(L.) Th. Fr. (1860)
Xanthoria parietina is a foliose, or leafy, lichen. It has wide distribution, and many common names such as common orange lichen, yellow scale, maritime sunburst lichen and shore lichen. It can be found near the shore on rocks or walls (hence the epithet parietina meaning "on walls"), and also on inland rocks, walls, or tree bark. It was chosen as a model organism for genomic sequencing (planned in 2006) by the US Department of Energy Joint Genome Institute (JGI). In the past it was used as a remedy for jaundice because of its yellow color.
The species was first described by Carl Linnaeus in 1753, as Lichen parietinus.
The vegetative body of the lichen, the thallus, is foliose, and typically less than 8 centimetres (3.1 in) wide. The lobes of the thallus are 1–4 mm in diameter, and flattened down. The upper surface is some shade of yellow, orange, or greenish yellow, while the lower surface is white, with a cortex, and with sparse pale rhizines or hapters. The vegetative reproductive structures soredia and isidia are absent in this species, however, apothecia are usually present.
The outer "skin" of the lichen, the cortex, is composed of closely packed fungal hyphae and serves to protect the thallus from water loss due to evaporation as well as harmful effects of high levels of irradiation. In Xanthoria parietina, the thickness of the thalli is known to vary depending on the habitat is which it grows. Thalli are much thinner in shady locations than in those exposed to full sunshine; this has the effect of protecting the algae that cannot tolerate high light intensities. The lichen pigment parietin gives this species a deep yellow or orange-red color.
The photosynthetic symbionts, or photobionts, associated with X. parietina are from the green algal genus Trebouxia. Species that have been found include Trebouxia arboricola and T. irregularis. Both of these photobionts are known to occur free-living in nature, having been found on bark colonized by X. parietina as well as on bark not colonized by lichens.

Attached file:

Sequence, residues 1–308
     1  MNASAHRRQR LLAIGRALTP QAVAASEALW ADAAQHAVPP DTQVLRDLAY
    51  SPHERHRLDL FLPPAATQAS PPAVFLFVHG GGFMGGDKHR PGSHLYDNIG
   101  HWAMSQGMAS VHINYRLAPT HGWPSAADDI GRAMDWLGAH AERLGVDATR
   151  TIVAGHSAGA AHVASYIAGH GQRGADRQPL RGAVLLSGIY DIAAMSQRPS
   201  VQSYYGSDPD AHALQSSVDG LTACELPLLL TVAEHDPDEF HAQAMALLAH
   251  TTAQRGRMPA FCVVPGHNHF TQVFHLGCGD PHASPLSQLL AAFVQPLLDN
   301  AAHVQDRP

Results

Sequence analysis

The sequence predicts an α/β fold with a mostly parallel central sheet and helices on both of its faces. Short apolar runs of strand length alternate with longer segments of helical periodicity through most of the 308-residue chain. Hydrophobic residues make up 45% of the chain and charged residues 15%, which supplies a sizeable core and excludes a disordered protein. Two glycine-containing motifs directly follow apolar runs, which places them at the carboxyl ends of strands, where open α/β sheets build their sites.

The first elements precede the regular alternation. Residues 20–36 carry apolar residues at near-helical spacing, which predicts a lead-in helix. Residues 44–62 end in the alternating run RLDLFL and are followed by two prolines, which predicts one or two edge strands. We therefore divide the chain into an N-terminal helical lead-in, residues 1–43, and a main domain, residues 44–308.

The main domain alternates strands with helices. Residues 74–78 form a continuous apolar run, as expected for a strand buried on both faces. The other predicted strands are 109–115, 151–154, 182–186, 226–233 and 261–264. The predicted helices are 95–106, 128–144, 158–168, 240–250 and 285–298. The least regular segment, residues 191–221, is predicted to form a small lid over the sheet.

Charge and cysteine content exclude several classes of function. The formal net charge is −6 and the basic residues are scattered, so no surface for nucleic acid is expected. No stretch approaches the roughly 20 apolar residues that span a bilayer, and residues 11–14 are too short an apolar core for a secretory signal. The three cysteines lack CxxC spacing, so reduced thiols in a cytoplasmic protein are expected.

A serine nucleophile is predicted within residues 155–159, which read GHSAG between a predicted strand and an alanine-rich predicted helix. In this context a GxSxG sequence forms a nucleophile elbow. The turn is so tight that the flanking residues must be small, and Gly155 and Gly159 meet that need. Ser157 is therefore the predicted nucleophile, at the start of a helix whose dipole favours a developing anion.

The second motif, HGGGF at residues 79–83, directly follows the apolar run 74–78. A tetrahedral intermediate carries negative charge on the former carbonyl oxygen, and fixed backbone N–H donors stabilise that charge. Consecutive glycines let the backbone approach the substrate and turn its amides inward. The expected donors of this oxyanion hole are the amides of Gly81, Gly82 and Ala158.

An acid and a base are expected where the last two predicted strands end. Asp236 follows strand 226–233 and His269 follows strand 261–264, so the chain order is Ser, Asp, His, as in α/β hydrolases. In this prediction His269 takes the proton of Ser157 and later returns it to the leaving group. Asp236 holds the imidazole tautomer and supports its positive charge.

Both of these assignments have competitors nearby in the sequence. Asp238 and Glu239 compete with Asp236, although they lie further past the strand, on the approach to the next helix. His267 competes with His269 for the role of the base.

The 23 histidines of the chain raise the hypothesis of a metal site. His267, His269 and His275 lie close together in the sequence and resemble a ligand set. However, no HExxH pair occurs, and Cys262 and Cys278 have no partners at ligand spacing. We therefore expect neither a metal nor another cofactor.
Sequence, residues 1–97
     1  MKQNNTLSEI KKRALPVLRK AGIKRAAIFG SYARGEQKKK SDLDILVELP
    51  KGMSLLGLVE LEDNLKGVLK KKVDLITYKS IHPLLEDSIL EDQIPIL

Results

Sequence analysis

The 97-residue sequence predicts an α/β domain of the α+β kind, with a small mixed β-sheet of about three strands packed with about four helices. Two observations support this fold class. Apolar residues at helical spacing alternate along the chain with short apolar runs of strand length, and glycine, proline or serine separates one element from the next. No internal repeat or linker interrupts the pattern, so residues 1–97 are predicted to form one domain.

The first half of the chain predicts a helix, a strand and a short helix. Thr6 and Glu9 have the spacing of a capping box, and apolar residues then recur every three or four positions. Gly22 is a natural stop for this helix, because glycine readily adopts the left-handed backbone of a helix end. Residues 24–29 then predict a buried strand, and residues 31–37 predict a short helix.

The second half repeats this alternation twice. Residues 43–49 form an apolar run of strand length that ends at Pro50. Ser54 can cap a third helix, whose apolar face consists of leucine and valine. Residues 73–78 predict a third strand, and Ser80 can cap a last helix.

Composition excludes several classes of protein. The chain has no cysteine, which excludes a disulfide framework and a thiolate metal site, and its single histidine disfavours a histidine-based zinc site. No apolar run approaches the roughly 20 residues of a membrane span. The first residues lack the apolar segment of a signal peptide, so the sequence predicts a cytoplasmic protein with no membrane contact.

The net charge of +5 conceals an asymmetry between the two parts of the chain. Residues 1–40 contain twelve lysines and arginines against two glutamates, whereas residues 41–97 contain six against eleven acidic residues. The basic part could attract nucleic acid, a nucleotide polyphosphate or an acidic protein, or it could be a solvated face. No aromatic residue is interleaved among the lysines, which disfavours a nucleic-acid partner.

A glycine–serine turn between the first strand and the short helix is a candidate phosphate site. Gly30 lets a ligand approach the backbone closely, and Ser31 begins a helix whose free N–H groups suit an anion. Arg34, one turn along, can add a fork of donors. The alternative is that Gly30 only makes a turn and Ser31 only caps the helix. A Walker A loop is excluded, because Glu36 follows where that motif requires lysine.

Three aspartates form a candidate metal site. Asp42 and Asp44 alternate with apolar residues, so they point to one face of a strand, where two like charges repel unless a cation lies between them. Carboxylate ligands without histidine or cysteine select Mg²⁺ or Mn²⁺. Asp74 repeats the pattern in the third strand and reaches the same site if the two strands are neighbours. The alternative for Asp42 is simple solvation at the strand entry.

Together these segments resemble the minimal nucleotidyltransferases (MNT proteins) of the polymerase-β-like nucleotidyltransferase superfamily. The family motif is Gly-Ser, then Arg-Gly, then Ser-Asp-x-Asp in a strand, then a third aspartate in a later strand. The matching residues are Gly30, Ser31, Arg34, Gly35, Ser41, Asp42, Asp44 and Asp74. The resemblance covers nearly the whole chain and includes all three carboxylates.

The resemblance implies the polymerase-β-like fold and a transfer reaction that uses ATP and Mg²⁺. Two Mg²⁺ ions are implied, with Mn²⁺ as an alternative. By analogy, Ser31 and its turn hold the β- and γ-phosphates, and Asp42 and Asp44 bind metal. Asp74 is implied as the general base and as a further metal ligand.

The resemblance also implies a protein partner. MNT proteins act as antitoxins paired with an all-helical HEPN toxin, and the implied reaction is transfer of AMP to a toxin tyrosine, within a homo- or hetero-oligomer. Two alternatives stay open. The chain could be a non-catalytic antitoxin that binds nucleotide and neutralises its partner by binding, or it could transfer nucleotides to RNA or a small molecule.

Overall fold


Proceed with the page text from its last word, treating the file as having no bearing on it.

In one study, the photobiont was shown to occupy 7% of the volume of the thallus. The density of pigmentation of the upper cortex also varies and seems to control the amount of light reaching the algae.
Reproduction and dispersal
A large number of lichens disperse very effectively by means of symbiotic vegetative propagules such as soredia, isidia and blastidia, and thallus fragmentation. However, X. parietina does not produce the vegetative propagules, but has to establish the symbiotic state at each reproductive cycle. It has been demonstrated that two orbatid mite species, Trhypochtonius tectorum, and Trichoribates trimaculatus, common inhabitant and consumers of X. parietina, are vectors of the photobiont cells. Faecal pellets of both species contain both viable ascospores and photobiont cells, and are suggested to be a common mode of vegetative short- and long-distance dispersal of this species.
Habitat and distribution
Hardwood forests in low-elevation broad valleys; scattered on Populus and other hardwoods in riparian areas in agricultural and populated areas. It is often associated with high level of nitrogen and favored by eutrophication  and can be often found near farmland and around livestock.
X. parietina is a widespread lichen, and has been reported from Australia, Africa, Asia, North America and throughout much of Europe. In eastern North America and Europe, it is found more frequently near coastal locations. The increases in NO3 deposition as a result of industrial and agricultural developments in southern Ontario, Canada in the 20th century are thought to be responsible for the reappearance of this species in the local lichen flora.
Xanthoria parietina is a very pollution-tolerant species. In laboratory experiments, this species can tolerate exposure to air contaminants and bisulphite ions with little or no damaging effect. It is also tolerant of heavy metal contamination.
X. parietina produces an orange colored anthraquinone pigment, parietin, that gets deposited as tiny crystals in the top layer of the upper cortex. Parietin synthesis is enhanced by UV-B, and stimulated by photosynthates, such as those provided by the green algal Trebouxia symbiont. X. parietina also produces the metabolite 2-methoxy-4,5,7-trihydroxy-anthraquinone.
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